‘African-asian art exhibition promotes culture’

‘African-asian art exhibition promotes culture’
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Galerie Jumelles

Galerie Jumelles is an online Art Gallery founded by Sierra M. Bretz. Inspired by the French language and lifestyle, Sierra closed her business and her life in the US in 2021 to move to France to promote French Artists.

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The curator of the Oceans and the Interpreters Exhibition, Nobuo Takamori, has said the three-week exhibition will promote culture and mutual understanding between Africa and Asia.

Speaking at the opening of a three-week art exhibition, which was held simultaneously at the Yaba College of Technology and University of Lagos, Takamori, revealed that the highly-awaited event, was inspired by Wole Soyinka’s literary masterpiece.

He said that the Interpreters aimed to explore the complexities of African-Asian relationships and their artistic interpretations.

Takamori took visitors through the artwork of renowned artists from different countries, including Taiwan, Malaysia, Korea, Vietnam and Greece.

Takamori said the exhibition was very important in Taiwan and Nigeria.

“It is the first time we are talking about the African-Asian connection and also the boundaries between the two continents. It is a tour exhibition, it was held in Taipei last year. Those who attended the event in Taiwan were very curious about African culture and the historical connection between the two continents,” he said.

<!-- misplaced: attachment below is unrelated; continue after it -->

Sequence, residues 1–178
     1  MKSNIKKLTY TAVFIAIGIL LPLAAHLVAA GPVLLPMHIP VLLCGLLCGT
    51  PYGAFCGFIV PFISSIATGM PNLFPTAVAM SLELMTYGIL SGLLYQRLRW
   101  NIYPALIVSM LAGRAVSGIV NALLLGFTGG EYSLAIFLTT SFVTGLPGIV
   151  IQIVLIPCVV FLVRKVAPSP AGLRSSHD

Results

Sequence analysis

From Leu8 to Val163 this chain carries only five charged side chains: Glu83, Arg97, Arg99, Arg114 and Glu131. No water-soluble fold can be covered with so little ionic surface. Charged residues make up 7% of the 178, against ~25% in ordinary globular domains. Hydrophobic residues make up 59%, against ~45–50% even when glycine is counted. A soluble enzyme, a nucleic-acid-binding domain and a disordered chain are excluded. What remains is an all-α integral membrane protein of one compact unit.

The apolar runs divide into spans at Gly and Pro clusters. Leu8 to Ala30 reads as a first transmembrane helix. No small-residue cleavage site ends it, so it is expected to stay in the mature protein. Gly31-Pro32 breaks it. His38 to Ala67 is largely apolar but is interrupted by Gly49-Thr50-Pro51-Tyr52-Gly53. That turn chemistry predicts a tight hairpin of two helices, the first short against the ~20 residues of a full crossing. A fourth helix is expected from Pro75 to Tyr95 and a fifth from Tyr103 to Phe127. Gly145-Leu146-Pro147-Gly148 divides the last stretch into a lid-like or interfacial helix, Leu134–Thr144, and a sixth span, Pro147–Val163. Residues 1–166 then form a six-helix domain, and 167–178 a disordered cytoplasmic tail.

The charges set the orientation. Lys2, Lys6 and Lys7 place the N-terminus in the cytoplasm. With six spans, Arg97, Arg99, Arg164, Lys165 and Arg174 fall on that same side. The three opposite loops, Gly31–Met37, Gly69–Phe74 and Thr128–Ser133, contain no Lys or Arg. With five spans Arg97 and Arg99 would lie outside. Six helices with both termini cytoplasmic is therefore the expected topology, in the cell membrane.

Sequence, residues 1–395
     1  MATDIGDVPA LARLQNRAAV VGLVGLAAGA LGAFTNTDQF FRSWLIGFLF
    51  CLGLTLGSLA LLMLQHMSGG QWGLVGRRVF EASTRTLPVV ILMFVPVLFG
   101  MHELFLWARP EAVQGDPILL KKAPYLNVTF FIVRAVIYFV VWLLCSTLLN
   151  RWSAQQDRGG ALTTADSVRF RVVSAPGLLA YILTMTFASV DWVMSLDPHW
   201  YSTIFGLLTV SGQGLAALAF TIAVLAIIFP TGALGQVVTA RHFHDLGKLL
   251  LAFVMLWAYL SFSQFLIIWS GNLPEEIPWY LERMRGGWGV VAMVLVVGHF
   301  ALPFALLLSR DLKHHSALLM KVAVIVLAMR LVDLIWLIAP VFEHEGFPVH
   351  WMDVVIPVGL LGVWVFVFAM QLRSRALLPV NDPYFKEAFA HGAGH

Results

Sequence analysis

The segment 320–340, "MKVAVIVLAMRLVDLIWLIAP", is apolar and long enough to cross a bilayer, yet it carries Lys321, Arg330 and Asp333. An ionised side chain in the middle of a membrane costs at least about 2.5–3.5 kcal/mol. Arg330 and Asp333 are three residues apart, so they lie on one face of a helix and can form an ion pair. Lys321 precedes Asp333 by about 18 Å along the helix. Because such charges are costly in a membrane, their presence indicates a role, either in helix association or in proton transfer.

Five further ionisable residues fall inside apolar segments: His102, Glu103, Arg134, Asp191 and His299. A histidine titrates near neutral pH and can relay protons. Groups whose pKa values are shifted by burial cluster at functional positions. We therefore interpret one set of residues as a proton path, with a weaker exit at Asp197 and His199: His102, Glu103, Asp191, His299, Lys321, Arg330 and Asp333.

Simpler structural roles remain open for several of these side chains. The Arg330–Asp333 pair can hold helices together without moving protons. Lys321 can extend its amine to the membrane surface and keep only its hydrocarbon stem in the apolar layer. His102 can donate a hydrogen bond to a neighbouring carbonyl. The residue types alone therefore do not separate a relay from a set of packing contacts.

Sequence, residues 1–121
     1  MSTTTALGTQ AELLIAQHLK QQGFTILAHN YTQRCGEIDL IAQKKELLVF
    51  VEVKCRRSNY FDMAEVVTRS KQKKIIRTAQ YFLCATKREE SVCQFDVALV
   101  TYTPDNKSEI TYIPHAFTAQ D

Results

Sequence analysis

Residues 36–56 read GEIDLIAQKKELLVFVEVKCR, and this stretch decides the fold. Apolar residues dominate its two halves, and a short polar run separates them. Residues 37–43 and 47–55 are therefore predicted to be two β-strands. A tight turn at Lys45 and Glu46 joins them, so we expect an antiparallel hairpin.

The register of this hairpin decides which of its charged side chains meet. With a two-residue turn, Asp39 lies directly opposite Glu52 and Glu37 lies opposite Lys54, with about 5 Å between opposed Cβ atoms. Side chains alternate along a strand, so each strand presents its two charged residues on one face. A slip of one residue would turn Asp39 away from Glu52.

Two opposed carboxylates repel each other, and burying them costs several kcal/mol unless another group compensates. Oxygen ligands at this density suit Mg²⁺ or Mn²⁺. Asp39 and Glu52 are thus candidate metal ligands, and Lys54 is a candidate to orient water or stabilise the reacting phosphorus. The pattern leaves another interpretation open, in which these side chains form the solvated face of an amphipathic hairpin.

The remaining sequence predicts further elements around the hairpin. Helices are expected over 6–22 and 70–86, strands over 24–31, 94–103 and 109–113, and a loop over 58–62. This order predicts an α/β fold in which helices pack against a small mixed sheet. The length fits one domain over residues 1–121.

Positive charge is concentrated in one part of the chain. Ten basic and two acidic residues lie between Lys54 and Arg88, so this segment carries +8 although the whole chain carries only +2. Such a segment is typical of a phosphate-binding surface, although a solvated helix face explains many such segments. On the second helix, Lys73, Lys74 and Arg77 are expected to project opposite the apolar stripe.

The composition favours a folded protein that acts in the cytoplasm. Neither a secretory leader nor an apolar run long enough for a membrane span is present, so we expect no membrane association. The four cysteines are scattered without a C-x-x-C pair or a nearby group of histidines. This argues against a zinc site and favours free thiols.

Representative, Taipei Trade Office, Andy Yih-Ping Li and his wife, Yolanda, an art enthusiast, welcomed participants and visitors at the event.

He said the event was part of the promotion of culture, mutual understanding and goodwill between Nigeria and Asia.

Yih-Ping Li said, “I think it is very good because the visitors that came are more than I expected, and they were very interested in the different topics presented in this exhibition. And especially the young audience, they are curious. So, it is very good that we have this kind of interaction.”

Yaba Art Museum Curatorial Director’s representative, Dr Balogun Adeola, said, “Basically, one thing about most of them is that they are actually expressing their ideas from the environment. And that is what they are bringing to share with us. We all have our stories anyway. And if you’re asked to tell your own story, either in written form, in dance, in music, or in visual art, of course, it’s personal to you. So, you know that is why contemporary art is sort of unique. Therefore, the exhibition is unique,” he said. The event, organised by the Centre for Contemporary Art, Lagos, Yaba Art Museum, YABATECH, Chew’s Culture Foundation, Hong Gah Museum, Solid Art, and Britto Arts Trust, was supported by the National Culture & Arts Foundation of Taiwan, Tung Ho Steel Enterprise Corp., and Taipei Trade Office in Nigeria.

The exhibition was a visual delight, with a wide range of photographs, videos, and installations on display, all showcasing the relationship between Africa and Asia.

This content was originally published here.